AlAfghani, MM and Paramita D, Polychlorinated Biphenyls (PCBs) Phasing-Out Regulation in Indonesia, Final Report. All rights reserved.
B3 waste treatment shall be treated by anyone who produces it. In the event that the person cannot treat the waste he/she has to transferit to the party who treats the B3 waste or export the B3 waste that he/she had produced169 Government Regulation 101 on B3 Waste outlines several treatment options of B3 wastes in general, which includes (i) Thermal Process, (ii) Solidification/Stabilisation and (iii) other means.
GR No. 101 stipulates that the B3 waste treatment through thermal process has to meet several standards such as emission standard, combustion efficiency and the destruction and removal efficiency (DRE) for the principle organic hazardous constituents (POHCs) which includes PCBs, Polychlorinated dibenzofuran, and Polychlorinated dibenzo p-dioksin. The combustion efficiency minumun should be 99,99% and the DRE should be equal or more than 99,9999%170. The GR mandated the formulation of the emissionstandard through the Ministry regulation171. Nevertheless, this regulation is not yet issued until this report is made.
The residue and/or the combustion residue from the thermal process have to be kept172. Some standards that have to be meet are173:
Although permitted by existing regulations, B3 waste treatment especially POPs with combustion at the incinerator or kiln cement should be avoided due to the reasons below:
Annex C, V. A (d) of the Stockholm Convention reads:
“Priority should be given to the consideration of approaches to prevent the formation and release of the chemicals listedin Part I (PCDD/PCDF, HBC, PCB): Replacement of feed materials which are persistent organic pollutants of where there is a direct link between the materials and releases of persistent organic pollutants from the source”.
In terms of unintentional production of POPs, the Stockholm Convention prioritize the use of technology which couldform PCDD/PCDF, HBC, PCBs as listedunder list I Annex C. Annex C, V B (b) of the Convention reads:
“When considering proposals to constructnew facilities or significantly modifyexisting facilities using processes that release chemicals listed in this Annex, priority consideration should be given to alternative processes, techniques or practices that have similar usefulness but which avoid the formation and release of such chemicals.”
Furthermore, several literatures suggest against using thermal processes: (i) the investment to control unintentional releaseof dioxin or other POPs is huge176; incineration may result in large amount of solid wastes (fly ash and residues), Dioxin,Furan and otherPOPs can be released177; the technology is controversial and opposed by environmental groupsand communities178; for Cement kiln air pollution controls (APC) there are potentials for products of incomplete combustion/PIC179; the DRE (Destruction and Removal Efficiency) is generally applicable for gases/air emission but does not include liquid and solid toxic contaminants (bottom ash and liquid waste).180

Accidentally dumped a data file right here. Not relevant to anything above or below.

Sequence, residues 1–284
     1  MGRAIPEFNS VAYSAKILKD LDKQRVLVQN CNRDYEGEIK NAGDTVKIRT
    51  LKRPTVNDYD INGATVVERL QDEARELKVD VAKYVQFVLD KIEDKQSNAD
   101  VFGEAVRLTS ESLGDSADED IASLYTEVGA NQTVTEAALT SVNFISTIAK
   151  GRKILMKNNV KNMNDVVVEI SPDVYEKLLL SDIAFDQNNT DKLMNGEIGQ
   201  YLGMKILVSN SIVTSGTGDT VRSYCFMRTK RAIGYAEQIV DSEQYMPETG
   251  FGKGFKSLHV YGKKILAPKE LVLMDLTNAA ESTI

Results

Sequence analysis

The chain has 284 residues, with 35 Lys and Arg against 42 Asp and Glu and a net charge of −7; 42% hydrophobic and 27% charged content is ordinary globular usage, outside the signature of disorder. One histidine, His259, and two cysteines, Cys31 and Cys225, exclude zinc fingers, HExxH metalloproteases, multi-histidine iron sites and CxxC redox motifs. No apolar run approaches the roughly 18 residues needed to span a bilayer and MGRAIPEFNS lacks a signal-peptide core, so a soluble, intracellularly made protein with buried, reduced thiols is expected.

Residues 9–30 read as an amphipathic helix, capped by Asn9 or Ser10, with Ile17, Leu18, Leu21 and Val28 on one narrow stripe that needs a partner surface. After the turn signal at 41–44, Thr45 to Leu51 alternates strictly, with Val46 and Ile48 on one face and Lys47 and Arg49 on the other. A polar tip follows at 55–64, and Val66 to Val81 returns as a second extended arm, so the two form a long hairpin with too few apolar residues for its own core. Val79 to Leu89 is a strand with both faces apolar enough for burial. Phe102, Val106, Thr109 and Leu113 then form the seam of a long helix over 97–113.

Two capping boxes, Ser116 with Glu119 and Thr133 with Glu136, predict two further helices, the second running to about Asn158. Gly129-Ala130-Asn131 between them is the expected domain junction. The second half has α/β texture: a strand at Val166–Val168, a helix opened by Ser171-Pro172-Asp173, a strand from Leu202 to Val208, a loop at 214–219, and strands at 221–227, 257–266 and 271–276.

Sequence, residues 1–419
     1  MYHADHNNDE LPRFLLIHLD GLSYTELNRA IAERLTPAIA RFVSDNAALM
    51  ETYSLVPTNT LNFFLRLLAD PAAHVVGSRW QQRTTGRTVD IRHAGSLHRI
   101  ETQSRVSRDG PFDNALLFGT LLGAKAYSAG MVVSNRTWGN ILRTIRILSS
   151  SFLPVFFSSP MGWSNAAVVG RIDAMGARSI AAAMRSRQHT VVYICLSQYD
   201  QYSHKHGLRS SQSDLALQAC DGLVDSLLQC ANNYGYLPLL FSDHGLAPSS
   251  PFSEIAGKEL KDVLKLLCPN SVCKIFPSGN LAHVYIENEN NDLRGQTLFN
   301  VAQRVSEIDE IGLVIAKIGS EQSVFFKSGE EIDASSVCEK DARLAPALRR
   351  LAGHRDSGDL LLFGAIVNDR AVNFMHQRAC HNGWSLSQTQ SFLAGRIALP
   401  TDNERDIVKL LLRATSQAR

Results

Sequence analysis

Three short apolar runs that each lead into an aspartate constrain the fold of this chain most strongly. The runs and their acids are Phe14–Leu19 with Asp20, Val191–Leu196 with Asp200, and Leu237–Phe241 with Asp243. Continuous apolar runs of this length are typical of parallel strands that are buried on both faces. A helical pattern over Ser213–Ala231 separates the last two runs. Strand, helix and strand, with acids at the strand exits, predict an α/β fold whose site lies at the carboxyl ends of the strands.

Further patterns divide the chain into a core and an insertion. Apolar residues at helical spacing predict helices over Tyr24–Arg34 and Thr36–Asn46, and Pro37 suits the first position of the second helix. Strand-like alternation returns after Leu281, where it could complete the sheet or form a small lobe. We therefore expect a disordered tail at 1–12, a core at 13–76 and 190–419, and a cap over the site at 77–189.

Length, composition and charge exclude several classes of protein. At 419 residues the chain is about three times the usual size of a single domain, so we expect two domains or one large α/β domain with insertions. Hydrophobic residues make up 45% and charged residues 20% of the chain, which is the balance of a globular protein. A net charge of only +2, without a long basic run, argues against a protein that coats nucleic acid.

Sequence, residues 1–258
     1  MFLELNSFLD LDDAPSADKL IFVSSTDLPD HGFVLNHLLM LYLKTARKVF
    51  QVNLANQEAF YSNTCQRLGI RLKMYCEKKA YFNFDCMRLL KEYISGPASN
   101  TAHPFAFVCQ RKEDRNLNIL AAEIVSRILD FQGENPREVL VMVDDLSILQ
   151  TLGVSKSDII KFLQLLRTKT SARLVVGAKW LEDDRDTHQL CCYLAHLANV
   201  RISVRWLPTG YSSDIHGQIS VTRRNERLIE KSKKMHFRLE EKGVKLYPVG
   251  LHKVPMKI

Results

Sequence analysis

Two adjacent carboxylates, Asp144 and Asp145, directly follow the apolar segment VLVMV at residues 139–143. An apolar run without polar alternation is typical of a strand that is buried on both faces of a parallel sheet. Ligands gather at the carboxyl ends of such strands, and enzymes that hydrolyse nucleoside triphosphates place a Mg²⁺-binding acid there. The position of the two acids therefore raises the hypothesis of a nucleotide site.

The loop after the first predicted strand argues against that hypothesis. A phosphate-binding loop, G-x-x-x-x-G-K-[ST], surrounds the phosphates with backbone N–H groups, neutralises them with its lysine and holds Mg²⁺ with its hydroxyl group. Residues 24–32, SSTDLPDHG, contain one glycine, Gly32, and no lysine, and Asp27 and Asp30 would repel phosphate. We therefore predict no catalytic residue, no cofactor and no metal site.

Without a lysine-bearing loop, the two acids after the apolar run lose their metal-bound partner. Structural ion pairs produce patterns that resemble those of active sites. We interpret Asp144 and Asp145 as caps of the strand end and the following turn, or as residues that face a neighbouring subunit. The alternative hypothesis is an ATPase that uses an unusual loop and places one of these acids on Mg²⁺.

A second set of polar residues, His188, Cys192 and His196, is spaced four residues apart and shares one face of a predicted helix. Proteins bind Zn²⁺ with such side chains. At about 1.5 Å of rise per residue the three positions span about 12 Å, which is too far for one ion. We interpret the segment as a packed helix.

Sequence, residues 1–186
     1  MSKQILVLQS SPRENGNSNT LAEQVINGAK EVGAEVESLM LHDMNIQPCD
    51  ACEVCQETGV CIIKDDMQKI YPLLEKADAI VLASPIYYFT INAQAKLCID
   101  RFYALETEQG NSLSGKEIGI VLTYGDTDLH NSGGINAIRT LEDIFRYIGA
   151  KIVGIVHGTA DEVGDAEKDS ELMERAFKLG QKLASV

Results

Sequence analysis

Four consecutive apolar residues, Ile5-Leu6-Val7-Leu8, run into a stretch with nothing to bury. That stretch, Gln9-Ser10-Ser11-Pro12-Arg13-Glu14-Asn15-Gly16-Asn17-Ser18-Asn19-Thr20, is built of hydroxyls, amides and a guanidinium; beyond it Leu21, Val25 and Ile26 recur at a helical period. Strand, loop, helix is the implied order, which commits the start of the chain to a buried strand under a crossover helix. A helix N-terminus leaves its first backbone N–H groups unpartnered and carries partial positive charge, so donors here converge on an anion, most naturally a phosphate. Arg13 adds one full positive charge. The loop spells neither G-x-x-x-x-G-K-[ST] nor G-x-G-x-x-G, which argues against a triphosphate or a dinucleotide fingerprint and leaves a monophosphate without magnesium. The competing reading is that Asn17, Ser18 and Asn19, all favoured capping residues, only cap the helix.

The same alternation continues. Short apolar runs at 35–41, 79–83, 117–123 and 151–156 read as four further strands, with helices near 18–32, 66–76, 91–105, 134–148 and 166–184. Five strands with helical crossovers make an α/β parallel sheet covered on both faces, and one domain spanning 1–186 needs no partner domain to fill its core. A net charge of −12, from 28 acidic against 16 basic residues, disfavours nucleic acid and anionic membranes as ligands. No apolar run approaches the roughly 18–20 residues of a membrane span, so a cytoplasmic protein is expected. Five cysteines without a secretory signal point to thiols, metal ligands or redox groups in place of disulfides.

Non Thermal Processes
Several non-thermal processes may include Dehalogenation processes: Base Catalyzed Decomposition (BCD) and metal based sodium. Similarto the above thermal processes, the by- product of such technology must become a factor for consideration. For example, BCD may produce soluble which contains Chlorin and further treatment for such materials may be required.
169 GR 101/2014, Article 123(1)
170 GR 101/2014, Article 107 (4), (5), (6),(7)
171 GR 101/2014, Article 107 (8)
172 GR 101/2014 , Article 143 (1) h
173 GR 101/2014 , Article 107 (1), (2), (3), (4), (6),(7), (8)
174 The Articles states “Disposed of in such a way that the persistent organic pollutant content is destroyed or irreversibly transformed so that they do not exhibit the characteristics of persistent organic pollutants or otherwise disposed of in an environmentally sound manner when destruction or irreversible transformation does not represent the environmentally preferable option……….”
175 The Articles states “Not permitted to be subjected to disposal operations that may lead to recovery, recycling, reclamation, direct reuse or alternative uses of persistent organic pollutants”
176 Allsop, Michelle, Costner, Pat, et.al, Incineration and Human Health, Greenpeace Research Laboratories, University of Exeter, UK, 2001, p.37, http://www.greenpeace.org/norway/Global/norway/p2/other/report/2001/incineration-and-human-health.pdf
177 Reference Guide to Non Combustion Technologies for Remediation of Persistent Organic Pollutants in Soil, Second Edition 2010, US – EPA, p. vii, https://www.epa.gov/remedytech/reference-guide-non-combustion- technologies-remediation-persistent-organic-pollutants
179 Karstensen, K. H. (2008). Formation, release and control of dioxins in cement kilns. Chemosphere, 70(4), 543-560. http://citeseerx.ist.psu.edu/viewdoc/download?doi=10.1.1.454.9778&rep=rep1&type=pdf
180 Rahuman, Mujeebur, Pristone, Luigi, et.al, Destruction Technologies for Polychlorinated Biphenyls (PCBs), ICS-UNIDO Publications “Proceedings of Expert Group Meetings on POPs and Contamination: Remediation Technologies (April 2000) and on Clean Technologies for the Reduction and Elimination of POPs (May 2000), p. 8, https://clu- in.org/download/remed/destruct_tech.pdf